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Old 28th November 2012, 07:06 PM   #1
Al Shamal
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Default Tibetan Item for comment

Salam,

At first i thought this might have been an old arrow head pushed inside a bone handle; however now i am thinking it may be an old craftsman's tool for leather working or similar.

The vendor advised it was from Tibet and more than 200 years old.
Any comments or thoughts please....
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Old 28th November 2012, 07:25 PM   #2
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I have no idea, but the bone is antler.
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Old 28th November 2012, 08:53 PM   #3
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my thoughts too; antler . . and in addition some of my logics; it doesnt seem very practical to me that -if it were a tool- the outer (working-)edge of the blade is decorated. This leads me to . . . assume . . .it is more a ritual instrument. Looks ancient indeed; is it iron or bronze?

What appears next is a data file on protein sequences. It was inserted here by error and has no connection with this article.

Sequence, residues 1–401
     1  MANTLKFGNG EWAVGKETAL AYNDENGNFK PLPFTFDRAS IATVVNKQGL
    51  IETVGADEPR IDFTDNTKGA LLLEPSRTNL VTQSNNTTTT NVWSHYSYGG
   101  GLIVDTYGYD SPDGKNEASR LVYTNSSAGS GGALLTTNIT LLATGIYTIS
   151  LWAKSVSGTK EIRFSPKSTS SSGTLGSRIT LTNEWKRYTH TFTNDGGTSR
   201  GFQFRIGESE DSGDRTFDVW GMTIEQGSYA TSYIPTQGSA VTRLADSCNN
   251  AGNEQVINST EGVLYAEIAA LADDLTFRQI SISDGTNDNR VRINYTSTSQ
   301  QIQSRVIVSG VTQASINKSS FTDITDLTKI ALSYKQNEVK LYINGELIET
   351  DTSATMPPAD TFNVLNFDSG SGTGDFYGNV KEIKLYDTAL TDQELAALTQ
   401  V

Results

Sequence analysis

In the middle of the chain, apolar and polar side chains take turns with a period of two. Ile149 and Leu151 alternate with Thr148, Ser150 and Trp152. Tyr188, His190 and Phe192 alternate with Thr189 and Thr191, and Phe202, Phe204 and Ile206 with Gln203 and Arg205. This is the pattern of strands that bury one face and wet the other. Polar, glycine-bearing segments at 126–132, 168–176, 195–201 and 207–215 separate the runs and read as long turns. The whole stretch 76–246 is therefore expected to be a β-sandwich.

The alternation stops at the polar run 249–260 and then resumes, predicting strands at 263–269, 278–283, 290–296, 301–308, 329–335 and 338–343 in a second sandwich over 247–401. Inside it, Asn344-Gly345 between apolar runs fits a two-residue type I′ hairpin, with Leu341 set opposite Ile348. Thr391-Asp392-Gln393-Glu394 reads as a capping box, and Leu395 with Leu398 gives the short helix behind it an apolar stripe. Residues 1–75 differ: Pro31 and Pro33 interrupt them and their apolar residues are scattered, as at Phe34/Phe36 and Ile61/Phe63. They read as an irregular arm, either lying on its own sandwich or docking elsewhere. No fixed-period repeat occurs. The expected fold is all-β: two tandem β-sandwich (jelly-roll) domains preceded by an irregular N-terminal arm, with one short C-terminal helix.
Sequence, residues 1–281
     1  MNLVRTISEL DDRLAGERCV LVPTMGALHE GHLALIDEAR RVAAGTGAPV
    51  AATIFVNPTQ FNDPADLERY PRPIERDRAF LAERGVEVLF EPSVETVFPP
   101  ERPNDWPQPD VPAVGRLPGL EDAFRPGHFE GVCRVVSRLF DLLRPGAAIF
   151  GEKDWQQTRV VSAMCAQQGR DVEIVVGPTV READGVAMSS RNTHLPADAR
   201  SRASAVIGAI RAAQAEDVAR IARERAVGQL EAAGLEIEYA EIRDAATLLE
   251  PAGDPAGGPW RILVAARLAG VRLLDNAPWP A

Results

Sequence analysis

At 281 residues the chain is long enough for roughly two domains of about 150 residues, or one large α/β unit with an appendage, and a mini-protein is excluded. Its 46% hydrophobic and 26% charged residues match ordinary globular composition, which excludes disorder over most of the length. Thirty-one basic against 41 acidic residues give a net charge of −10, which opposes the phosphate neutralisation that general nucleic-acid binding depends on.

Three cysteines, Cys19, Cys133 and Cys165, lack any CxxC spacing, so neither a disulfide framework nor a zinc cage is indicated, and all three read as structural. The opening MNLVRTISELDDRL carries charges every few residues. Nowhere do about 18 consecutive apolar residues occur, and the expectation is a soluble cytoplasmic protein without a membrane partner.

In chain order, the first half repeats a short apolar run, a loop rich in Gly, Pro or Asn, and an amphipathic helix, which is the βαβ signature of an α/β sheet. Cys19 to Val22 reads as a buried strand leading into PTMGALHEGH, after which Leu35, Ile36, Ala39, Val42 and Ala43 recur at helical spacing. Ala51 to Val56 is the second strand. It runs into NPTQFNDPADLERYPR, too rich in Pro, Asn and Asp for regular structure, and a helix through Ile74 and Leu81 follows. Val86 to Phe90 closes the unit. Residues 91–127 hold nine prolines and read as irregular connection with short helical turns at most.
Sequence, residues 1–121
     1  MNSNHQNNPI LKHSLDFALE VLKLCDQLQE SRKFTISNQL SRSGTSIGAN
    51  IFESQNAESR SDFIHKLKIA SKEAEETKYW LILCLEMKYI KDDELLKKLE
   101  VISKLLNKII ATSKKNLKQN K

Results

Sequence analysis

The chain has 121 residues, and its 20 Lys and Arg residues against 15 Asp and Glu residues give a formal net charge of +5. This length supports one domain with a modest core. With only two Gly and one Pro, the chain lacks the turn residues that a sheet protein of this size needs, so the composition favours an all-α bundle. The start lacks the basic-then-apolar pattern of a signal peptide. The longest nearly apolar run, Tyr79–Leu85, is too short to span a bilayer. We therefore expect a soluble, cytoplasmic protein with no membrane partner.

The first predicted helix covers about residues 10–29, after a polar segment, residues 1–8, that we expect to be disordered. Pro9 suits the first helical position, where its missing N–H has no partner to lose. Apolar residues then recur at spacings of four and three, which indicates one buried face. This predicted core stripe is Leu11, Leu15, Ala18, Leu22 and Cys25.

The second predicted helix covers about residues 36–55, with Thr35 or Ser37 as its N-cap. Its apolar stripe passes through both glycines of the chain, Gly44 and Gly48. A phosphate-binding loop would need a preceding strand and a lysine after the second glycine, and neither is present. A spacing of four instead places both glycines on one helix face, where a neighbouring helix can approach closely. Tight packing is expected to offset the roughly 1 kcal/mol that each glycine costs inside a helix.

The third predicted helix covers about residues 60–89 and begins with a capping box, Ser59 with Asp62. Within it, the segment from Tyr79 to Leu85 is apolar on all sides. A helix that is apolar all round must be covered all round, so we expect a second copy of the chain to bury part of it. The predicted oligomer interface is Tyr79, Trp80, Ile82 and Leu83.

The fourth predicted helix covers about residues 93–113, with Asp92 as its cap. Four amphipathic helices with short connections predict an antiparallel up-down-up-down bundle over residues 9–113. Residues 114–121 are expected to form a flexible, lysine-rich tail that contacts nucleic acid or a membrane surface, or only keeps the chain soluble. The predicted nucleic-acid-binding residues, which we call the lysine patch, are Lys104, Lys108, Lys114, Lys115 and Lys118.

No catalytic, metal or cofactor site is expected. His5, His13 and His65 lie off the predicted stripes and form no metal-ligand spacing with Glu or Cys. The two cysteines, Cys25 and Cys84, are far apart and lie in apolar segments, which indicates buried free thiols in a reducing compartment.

Not a common seen artifact anyway; so congrats with it.
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Old 28th November 2012, 10:13 PM   #4
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Tourist shops in Nepal have many such anomalies...

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Old 29th November 2012, 02:09 PM   #5